Typically, the nuts drop free from the husk. For those that don’t, processing is more complicated.
Harvesting is accomplished with sweepers that function like a combine. Nuts don’t all fall at once, so the grower has to bide his time to get the crop in, and may make a second sweep if warranted.
The sweeper gathers nuts from the ground. A blower removes leaves and debris and a conveyor carriers the nuts to a tote bin or service wagon.
“Harvesting itself can be a dirty, dirty job,” Firestone said.
That proved especially so this year, as many growers harvested before a long dry spell finally broke. It was so dry the workers were covered with dust.
Firestone said some growers deliver their nuts to the processing facility in bulk, while others bring them in totes or bins.
“There are a lot of different options,” she said. “We try and accommodate growers’ needs.”
Once the nuts arrive, they are washed in very hot water, then dried and graded. Some varieties are bleached to lighten the shells, while others are light enough naturally.
Michael Firestone conducts crack-testing, looking for issues that might not be visible from the outside.
The nuts are also sorted for defects. They are packed in either 50-pound or 25-kilo bags, the latter weighing about 55 pounds.
Nuts sold domestically are typically trucked by the semi load.
But Joan Firestone said the vast majority of the product is hauled to Portland by truck, to Seattle by rail and then to Asia by ship. She said 1,000-kilo lots are loaded into containers for shipment to Hong Kong and China.
During the packing season, the Firestones have to add staff. The growing and harvesting are not particularly labor-intensive, but the packing is.
Hazelnuts can be grown in belts extending around the world along the same latitude lines. They run through Spain, France and Turkey in the Northern Hemisphere and Chile in the Southern Hemisphere.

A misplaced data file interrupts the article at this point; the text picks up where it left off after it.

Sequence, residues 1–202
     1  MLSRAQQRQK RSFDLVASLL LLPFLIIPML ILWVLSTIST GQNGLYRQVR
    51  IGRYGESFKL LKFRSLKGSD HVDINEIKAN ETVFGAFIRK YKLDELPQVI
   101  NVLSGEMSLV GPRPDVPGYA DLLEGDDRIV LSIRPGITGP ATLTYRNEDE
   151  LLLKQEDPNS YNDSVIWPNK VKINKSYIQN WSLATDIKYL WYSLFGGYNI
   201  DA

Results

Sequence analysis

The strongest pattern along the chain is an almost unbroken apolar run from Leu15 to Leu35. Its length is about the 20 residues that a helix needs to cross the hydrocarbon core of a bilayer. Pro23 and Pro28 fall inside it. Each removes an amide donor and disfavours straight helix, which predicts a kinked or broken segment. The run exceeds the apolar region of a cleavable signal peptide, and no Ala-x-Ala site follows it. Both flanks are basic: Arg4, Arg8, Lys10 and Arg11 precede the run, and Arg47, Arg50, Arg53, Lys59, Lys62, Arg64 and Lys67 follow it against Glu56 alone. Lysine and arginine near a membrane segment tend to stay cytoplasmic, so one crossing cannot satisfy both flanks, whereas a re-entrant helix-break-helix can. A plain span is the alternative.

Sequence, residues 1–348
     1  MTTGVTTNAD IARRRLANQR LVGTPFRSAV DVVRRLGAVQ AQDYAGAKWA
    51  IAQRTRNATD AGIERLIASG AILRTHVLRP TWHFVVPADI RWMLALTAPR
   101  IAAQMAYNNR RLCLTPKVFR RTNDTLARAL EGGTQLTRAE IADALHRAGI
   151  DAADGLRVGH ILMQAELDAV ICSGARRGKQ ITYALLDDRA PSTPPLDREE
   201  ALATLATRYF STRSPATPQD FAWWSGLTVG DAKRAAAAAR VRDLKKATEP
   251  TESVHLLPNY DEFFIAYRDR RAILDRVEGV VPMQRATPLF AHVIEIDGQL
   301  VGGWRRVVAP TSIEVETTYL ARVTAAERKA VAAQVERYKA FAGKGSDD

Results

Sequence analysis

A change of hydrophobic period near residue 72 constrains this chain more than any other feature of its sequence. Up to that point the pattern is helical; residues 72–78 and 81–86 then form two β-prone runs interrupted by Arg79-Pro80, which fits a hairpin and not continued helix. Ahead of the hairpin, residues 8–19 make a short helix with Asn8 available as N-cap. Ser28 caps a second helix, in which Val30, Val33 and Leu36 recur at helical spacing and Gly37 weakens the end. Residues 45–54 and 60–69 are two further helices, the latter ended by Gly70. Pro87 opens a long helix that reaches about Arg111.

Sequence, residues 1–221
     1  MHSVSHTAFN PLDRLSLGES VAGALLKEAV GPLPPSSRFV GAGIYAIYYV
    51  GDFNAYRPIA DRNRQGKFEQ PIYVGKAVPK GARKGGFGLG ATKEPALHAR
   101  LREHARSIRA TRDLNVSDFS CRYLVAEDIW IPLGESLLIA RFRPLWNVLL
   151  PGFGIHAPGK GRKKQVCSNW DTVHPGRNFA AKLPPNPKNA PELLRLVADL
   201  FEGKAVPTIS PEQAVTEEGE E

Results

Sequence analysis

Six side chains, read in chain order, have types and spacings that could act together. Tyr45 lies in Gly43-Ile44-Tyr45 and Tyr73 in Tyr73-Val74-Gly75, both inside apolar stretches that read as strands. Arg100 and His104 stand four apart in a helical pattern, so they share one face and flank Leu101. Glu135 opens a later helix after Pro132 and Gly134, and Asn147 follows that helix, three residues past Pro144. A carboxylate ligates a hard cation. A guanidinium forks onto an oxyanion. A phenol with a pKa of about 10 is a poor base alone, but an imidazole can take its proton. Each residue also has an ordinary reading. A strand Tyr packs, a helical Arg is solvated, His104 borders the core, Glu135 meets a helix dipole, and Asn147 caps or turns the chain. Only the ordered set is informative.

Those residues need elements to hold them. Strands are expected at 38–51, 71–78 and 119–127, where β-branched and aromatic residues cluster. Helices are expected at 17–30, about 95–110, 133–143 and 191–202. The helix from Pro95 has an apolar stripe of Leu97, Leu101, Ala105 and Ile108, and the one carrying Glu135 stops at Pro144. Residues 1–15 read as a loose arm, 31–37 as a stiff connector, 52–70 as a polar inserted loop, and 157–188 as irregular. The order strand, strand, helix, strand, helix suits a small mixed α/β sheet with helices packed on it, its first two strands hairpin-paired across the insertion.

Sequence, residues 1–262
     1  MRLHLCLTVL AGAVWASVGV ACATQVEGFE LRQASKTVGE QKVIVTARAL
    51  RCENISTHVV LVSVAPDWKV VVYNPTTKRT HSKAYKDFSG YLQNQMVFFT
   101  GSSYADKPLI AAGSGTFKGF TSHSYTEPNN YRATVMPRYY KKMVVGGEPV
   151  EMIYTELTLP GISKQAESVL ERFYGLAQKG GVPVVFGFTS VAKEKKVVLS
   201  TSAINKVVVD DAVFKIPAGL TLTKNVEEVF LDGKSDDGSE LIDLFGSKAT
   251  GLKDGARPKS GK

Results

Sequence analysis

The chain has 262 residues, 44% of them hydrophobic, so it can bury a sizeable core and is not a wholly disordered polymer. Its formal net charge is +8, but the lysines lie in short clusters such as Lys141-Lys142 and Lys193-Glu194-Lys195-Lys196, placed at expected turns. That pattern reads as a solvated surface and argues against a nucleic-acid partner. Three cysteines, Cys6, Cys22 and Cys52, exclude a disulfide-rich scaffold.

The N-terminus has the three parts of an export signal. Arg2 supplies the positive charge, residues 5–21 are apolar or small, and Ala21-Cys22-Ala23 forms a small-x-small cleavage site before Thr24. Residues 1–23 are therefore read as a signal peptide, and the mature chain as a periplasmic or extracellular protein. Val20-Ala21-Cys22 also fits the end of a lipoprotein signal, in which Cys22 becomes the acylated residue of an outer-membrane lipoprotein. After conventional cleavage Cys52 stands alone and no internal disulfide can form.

Firestone said Oregon consistently produces large, premium-quality nuts. She said Turkey is the world’s leading producer by volume, but ships primarily shelled kernels, because it can’t match the quality and size of the Oregon product.
She said only about 10 percent of Firestone Farms production fails to make the shell grade. She said those nuts go to Willamette Shelling in Newberg for processing into kernels, which command less in the market.
The Firestones hold back a small portion of their crop for sale through their retail outlet. They offer nuts in a variety of forms — whole, roasted, flavored, chocolate-covered and processed into nut butter.
Firestone is currently serving as second vice president with the Nut Growers Society, which puts her on track to become its first woman president when it celebrates its centennial in 2014.
There are several varieties of hazelnuts that are grown commercially. Firestone said the two “old school variety” are the Barcelona and Ennis.
Barcelona accounted for 56 percent of the new acreage planted in Oregon this year. Ennis ran second at 10 percent, followed by Lewis at 8.4.
Firestone said Oregon State University has been working on new varieties resistant to Eastern filbert blight, which poses a major threat to the industry.
She said varieties have different qualities. She said Ennis trees produce a large, sweet and beautiful nut, but are highly susceptible to blight. She said Barcelona trees are hardier and produce a nut that’s perfect for roasting.
“In recent years, grower prices have been really strong,” she said. But she said kernel prices are down this year worldwide.